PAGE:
Paul the Deacon, History of the Lombards, i.6

Three of the most notable literary references to the Lofoten Maelstrom date from the nineteenth century. The first is the Edgar Allan Poe short story "A Descent into the Maelström" (1841). The second is 20,000 Leagues Under the Sea (1870), the famous novel by Jules Verne. At the end of this novel, Captain Nemo seems to commit suicide, sending his Nautilus submarine into the Maelstrom (although in Verne's sequel Nemo and Nautilus survived). The "Norway maelstrom" is also mentioned in Herman Melville's Moby-Dick.[22]

In the 'Life of St Columba', the author, Adomnan of Iona', attributes to the saint miraculous knowledge of a particular bishop who ran into a whirlpool off the coast of Ireland. In Adomnan's narrative, he quotes Columba saying[23]

Cólman mac Beognai has set sail to come here, and is now in great danger in the surging tides of the whirlpool of Corryvreckan. Sitting in the prow, he lifts up his hands to heaven and blesses the turbulent, terrible seas. Yet the Lord terrifies him in this way, not so that the ship in which he sits should be overwhelmed and wrecked by the waves, but rather to rouse him to pray more fervently that he may sail through the peril and reach us here.


One of the earliest uses in English of the Scandinavian word (malström or malstrøm) was by Edgar Allan Poe in his short story "A Descent into the Maelström" (1841). In turn, the Nordic word is derived from the Dutch maelstrom, modern spelling maalstroom, from malen (to grind) and stroom (stream), to form the meaning grinding current or literally "mill-stream", in the sense of milling (grinding) grain.[24]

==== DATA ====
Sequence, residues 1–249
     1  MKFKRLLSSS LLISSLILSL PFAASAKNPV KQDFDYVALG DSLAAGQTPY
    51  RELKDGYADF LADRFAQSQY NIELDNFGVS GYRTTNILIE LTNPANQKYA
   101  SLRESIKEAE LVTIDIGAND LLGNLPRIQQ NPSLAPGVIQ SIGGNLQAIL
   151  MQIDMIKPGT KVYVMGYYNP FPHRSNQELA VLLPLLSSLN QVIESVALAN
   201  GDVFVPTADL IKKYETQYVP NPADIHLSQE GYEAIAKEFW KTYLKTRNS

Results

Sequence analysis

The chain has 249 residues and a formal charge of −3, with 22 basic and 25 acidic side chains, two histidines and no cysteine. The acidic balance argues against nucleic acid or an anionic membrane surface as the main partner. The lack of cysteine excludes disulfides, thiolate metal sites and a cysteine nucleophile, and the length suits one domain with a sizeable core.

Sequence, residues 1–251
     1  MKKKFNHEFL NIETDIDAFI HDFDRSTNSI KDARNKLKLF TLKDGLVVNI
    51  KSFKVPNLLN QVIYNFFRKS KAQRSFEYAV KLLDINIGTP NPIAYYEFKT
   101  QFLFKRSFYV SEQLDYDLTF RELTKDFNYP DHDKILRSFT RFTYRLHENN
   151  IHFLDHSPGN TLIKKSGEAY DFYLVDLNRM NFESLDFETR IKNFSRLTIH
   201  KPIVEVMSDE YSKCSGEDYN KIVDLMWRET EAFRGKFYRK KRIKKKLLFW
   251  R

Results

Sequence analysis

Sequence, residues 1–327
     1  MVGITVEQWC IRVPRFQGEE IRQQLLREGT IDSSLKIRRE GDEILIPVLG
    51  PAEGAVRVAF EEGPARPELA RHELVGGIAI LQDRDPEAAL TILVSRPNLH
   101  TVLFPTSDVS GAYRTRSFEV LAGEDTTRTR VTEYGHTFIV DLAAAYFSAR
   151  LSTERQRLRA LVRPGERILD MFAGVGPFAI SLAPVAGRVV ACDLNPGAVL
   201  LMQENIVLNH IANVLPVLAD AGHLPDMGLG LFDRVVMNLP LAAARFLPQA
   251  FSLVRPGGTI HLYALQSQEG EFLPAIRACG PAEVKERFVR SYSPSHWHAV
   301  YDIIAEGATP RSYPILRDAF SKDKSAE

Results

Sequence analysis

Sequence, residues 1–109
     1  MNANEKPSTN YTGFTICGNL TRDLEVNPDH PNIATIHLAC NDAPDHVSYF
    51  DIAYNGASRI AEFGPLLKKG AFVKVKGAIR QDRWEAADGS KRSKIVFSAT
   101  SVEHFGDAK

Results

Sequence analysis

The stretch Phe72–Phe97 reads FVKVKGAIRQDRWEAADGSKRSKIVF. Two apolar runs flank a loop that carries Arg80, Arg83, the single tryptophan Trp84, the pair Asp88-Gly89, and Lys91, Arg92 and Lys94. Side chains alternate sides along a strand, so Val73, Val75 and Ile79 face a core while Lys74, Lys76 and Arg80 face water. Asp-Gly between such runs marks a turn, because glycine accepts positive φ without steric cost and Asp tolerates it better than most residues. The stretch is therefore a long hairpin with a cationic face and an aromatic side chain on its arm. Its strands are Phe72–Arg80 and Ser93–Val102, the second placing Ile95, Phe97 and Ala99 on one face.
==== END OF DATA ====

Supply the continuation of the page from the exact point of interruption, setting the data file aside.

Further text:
See also


  1. 1 2 Cussler, Clive; Kemprecos, Paul (7 June 2012). Polar Shift: NUMA Files #6. Penguin Books Limited. p. 94. ISBN 978-1-4059-0959-4.
  2. 10 Magnificent Maelstroms. WebEcoist. Retrieved 26 October 2011.
  3. Carreck, Rosalind, ed. (1982). The Family Encyclopedia of Natural History. The Hamlyn Publishing Group. p. 246. ISBN 0-7112-0225-7.
  4. Encyclopædia Britannica, 1958 edition.
  5. 1 2 3 4 5 6 Doyle, James (1 March 2012). A Young Scientist's Guide to Defying Disasters. Gibbs Smith. p. 15. ISBN 978-1-4236-2441-7.
  6. 1 2 3 4 5 6 Compton, Nic (28 July 2013). Why Sailors Can't Swim and Other Marvellous Maritime Curiosities. Bloomsbury Publishing. pp. 78–79. ISBN 978-1-4081-9263-4.
  7. B. Gjevik, H. Moe and A Ommundseb, "Strong Topographic Enhancement of Tidal Currents: Tales of the Maelstrom", University of Oslo, working paper, 5 September 1997. A condensed version published as Gjevik, B.; Moe, H.; Ommundsen, A. (1997). "Sources of the Maelstrom" (PDF). Nature. 388 (6645): 837–838. doi:10.1038/42159. Archived from the original (PDF) on 14 April 2004.